If you are trying to make the most of mother natures free resources then you need to find out how to grow marijuana outdoors in this section. This simple guide covers all you need to know if you are looking to get setup for an outdoors grow.
Growing Marijuana Outdoors
The general consensus appears to be that growing marijuana outdoors is the cheapest option and produces a much larger and higher yielding plant with better tasting smoke, therefore making it a more preferable method to growing marijuana indoors. The major advantage is sunlight. Using natural sunlight will mean no electricity bills or grow light and hydroponic gear costs. Probably more importantly, the sun produces more light than thousands of metal halides in one grow room could ever provide and so direct sunlight hits more of the plant than grow room lights can (no more light leaking problems as is the case with indoor growing). This results in much larger, higher yielding plants where the bottom of the plant is almost as developed as the top (unlike indoor marijuana plants). Of course, there are also disadvantages that come with growing outdoors. Ensuring plants remain undetected (from the law and from others who want to steal it and use it for themselves) is probably the primarly concern and hence finding a suitable location can be difficult. Outdoor plants are also vulnerable to wild animals and pests like deer, rodents and bugs. The environment itself can also cause damage when there are heavy winds or rain.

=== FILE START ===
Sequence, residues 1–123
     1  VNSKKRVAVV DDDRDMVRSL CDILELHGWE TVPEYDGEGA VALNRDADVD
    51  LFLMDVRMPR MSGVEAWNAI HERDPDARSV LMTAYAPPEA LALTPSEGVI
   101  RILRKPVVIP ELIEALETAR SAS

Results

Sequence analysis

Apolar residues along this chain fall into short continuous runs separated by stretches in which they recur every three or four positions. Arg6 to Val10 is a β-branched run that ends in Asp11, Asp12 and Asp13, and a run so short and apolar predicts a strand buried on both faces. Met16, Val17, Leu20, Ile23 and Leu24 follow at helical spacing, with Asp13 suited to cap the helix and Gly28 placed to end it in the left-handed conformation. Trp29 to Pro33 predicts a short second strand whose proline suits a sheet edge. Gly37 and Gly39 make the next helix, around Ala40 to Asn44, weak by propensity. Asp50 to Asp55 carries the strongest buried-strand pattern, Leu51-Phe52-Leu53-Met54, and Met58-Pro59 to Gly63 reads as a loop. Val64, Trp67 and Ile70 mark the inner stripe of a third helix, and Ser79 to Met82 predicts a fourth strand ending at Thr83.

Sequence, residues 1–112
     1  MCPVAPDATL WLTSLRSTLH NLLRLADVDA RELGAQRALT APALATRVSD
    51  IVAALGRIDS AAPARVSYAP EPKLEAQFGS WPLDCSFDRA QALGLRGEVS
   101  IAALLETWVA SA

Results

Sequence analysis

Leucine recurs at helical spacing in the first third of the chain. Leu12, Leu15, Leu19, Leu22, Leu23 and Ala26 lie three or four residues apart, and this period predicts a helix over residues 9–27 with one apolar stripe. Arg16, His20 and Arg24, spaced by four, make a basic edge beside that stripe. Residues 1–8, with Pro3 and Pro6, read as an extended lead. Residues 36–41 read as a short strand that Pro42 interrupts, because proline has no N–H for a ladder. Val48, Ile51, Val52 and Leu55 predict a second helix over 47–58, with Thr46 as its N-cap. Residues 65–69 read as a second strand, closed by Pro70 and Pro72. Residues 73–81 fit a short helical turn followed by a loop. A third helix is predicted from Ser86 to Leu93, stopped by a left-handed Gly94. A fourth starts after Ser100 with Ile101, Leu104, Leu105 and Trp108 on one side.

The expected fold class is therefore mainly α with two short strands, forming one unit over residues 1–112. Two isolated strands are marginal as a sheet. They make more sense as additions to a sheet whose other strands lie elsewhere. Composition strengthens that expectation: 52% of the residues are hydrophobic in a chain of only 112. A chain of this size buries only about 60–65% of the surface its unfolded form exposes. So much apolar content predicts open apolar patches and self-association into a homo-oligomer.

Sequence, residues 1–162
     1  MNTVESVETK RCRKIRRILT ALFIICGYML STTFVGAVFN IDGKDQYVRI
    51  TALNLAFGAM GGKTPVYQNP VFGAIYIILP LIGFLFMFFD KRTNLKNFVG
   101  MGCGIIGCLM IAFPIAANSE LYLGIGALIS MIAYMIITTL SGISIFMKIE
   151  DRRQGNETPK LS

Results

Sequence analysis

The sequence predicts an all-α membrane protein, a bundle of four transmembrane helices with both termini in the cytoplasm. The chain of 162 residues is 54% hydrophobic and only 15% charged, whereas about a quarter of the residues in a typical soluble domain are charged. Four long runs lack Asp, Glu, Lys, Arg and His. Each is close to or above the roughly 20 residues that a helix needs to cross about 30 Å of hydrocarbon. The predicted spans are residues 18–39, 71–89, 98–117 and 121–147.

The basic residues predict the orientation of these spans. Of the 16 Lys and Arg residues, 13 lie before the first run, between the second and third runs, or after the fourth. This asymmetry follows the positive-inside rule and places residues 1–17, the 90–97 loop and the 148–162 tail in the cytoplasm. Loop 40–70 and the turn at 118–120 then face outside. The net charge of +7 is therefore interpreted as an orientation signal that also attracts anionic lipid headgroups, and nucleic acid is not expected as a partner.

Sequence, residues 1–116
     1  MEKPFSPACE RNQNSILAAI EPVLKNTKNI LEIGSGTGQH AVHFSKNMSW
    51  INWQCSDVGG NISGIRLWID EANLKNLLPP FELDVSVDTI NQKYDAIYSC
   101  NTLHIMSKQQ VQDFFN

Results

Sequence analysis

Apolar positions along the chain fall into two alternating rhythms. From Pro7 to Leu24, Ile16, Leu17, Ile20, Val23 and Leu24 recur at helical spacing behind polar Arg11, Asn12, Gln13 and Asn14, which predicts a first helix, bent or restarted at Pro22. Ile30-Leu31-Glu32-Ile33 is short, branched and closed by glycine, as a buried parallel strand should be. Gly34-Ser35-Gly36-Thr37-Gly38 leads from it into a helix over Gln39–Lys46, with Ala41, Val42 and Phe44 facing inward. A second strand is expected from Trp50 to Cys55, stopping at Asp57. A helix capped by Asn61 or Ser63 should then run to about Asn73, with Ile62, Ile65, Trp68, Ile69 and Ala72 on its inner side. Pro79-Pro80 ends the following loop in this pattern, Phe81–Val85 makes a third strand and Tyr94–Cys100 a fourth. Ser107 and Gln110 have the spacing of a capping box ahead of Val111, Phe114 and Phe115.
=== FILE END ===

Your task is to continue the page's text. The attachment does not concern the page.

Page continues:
Choosing your Site Location
Your choice of location for your site should be carefully selected and based around considerations for all the following:
- Amount of Sunlight
- Soil Composition
- Water Supply
- Wild Animals/Pests
This is obviously the single most important factor. A site should be selected based on the likelihood of it being stumbled upon by people so this means make sure your sites are located well away from roads, trails, railroad tracks, power lines and generally any other man-made structure. You should try and find somewhere with features that are likely to deter people like mud, water, prickler bushes and steep hills. Also remember that many plants turn brown in the fall and so growing marijuana outdoors near plants that will remain green, such as pine trees, will provide some form of camouflage during this season. If there are hunters in the area, find out when and where they roam. Marijuana plants also grow well in corn and this will help with camouflage. It does not grow well with rye, spinach or pepperweed. People tend to notice patterns so it makes sense to plant in many small, broken patches.
Amount of Sunlight
For best results, marijuana plants should be placed in a position where they receive the maximum amount of sunlight. Ideally they should be in a place where they receive at least 8 hours of sunlight a day of which a minimum of 3 hours should be direct sunlight. The more sunlight, the faster and bigger the plants will grow and the yield will be maximised. This may be difficult when you factor in ensuring the place is secluded, so if finding somewhere with enough light is an issue, choose somewhere with the most exposure to morning light than afternoon light as marijuana plants respond better to morning light. Tin foil placed around plants to increase light reflecting onto leaves will also make a large difference where direct sunlight is less than 3 hours a day.